We’ve just been asked the question:
When we insulation resistance test, why do we test all three permutations of the conductors – the wires.
If we test Line to Earth and Neutral to Earth and they both give a pass result – for example 299MΩ then why do we need to test Line to Neutral.
Isn’t that already proved as being a pass because the other two tests were a pass.
A good question and well worth answering. The logic behind the argument is great but the outcome is wrong.
It has NOT proved that Line to Neutral is a pass.
Let’s look at this in stages and we can use a standard 3 pin socket outlet for this exercise.
If we insulation resistance test between the three possible connections, Line to Earth, Line to Neutral and Neutral to Earth, we find that all three test results give us a reading of 299MΩ – a pass for all of them.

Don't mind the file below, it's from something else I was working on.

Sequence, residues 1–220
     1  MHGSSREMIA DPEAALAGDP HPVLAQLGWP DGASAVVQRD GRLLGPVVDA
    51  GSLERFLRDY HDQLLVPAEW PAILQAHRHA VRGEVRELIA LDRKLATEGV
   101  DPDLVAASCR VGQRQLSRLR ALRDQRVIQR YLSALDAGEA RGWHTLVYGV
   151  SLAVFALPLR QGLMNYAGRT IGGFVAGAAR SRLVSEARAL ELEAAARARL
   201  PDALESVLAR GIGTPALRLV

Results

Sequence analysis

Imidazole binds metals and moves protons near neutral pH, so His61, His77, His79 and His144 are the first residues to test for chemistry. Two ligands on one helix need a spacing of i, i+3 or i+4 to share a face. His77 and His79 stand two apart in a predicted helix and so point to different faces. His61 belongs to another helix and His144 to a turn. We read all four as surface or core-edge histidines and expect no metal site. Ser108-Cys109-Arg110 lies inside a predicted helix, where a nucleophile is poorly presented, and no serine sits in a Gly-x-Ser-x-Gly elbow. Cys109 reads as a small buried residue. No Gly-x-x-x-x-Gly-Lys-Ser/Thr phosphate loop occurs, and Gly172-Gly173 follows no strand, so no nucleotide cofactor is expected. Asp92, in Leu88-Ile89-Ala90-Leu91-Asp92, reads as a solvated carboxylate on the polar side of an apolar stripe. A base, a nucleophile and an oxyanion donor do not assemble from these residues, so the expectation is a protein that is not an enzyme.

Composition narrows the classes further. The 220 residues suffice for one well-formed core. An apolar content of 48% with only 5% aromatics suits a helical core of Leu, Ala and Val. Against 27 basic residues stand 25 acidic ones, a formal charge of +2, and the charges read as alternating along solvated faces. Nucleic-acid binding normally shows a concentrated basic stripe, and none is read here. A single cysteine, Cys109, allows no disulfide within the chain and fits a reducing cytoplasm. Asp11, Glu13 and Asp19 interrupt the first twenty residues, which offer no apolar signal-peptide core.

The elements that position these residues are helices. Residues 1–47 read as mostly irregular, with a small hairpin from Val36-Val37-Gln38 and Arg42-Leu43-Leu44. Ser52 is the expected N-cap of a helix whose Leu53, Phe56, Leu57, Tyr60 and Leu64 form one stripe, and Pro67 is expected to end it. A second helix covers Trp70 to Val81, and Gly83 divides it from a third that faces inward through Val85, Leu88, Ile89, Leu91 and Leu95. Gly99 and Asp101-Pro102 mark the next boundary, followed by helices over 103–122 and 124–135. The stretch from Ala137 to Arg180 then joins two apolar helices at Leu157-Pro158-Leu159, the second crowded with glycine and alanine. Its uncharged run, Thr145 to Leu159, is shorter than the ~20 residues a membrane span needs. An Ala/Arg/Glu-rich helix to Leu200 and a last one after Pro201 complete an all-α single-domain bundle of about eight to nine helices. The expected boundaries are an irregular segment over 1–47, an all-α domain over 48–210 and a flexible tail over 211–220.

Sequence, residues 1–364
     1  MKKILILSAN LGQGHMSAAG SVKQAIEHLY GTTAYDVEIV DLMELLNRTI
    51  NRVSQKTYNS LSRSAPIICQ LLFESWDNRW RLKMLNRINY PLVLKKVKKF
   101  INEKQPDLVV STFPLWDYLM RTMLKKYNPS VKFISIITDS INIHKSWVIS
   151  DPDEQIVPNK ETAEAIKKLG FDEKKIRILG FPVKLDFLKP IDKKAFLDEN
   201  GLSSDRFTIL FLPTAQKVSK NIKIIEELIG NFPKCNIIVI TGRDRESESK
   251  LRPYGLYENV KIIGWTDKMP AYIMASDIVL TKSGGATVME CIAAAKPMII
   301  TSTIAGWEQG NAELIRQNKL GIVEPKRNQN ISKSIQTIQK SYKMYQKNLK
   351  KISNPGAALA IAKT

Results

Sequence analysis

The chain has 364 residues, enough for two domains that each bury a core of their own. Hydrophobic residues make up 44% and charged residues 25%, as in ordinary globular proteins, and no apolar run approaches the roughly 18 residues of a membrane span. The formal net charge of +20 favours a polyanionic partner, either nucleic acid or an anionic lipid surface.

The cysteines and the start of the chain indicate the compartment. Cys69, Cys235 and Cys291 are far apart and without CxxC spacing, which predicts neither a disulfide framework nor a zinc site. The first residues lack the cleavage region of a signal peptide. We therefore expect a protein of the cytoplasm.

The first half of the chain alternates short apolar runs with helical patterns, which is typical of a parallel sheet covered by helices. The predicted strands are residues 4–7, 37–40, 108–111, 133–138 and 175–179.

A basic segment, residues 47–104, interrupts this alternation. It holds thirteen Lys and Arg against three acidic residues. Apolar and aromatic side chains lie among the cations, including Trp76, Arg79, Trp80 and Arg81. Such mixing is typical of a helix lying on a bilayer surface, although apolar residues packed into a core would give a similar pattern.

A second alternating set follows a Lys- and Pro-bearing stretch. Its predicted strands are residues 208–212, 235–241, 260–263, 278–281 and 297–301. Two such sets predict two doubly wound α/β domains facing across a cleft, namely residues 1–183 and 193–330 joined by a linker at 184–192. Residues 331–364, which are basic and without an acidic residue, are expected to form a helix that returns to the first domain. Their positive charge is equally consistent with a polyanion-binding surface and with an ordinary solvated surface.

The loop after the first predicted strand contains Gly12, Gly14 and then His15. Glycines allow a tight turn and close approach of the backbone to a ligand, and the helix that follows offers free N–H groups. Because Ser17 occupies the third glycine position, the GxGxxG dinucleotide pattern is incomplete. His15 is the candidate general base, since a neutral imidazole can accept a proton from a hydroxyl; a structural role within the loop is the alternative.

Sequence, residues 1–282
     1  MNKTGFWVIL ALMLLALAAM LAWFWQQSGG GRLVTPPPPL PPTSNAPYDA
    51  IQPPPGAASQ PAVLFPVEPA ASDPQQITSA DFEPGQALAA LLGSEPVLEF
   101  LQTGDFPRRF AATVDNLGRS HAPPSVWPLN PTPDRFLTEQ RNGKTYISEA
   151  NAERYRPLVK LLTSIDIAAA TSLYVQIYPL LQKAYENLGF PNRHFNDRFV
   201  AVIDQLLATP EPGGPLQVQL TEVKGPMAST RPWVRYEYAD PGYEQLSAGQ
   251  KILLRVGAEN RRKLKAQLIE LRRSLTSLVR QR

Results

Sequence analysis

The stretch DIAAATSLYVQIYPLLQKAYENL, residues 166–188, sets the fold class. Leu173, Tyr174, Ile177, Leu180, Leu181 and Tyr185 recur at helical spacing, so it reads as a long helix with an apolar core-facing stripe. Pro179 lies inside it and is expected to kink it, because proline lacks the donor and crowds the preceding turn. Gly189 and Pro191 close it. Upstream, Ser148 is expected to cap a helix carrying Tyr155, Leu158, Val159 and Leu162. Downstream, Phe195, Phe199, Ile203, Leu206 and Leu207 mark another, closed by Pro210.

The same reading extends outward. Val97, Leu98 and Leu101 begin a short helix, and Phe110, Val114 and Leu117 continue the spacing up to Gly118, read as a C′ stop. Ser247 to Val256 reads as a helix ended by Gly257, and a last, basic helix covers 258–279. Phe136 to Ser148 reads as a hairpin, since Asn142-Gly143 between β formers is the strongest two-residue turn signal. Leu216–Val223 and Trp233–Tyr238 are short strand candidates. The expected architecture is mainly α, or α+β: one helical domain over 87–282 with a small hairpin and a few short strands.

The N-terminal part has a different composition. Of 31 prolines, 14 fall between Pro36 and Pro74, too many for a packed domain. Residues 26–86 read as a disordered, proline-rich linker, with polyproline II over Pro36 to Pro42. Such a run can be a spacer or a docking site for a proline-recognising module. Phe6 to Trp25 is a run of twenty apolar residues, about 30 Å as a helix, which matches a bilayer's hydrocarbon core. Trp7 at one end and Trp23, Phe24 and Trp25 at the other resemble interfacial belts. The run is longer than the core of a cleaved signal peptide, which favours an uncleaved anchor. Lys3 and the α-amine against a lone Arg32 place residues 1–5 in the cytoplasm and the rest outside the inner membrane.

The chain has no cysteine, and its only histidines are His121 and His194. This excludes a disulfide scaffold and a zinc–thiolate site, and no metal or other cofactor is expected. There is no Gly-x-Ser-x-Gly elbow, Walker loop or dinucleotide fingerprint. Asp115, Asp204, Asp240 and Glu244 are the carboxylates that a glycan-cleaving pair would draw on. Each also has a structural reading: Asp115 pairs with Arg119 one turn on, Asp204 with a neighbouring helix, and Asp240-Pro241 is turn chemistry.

NOW … if we poke a piece of wire into the Line and Neutral outlets it is fairly obvious that we now have a massive short between the Line and Neutral.
But if we only test between Line to Earth and then Neutral to Earth, the question is, have we picked up the fault, have we detected this piece of wire?
The answer is NO! We have not detected the fault and if we were to switch on now then we would have a pretty spectacular light show.
Hopefully, this quick posting will show you the reason why we always test all possible permutations of wiring when insulation resistance testing.
Test ALL conductor combinations to be certain of detecting any wiring faults.
Line to Earth
Line to Neutral
Neutral to Earth
You can be certain that the one test that you miss out is the one test that you should have done!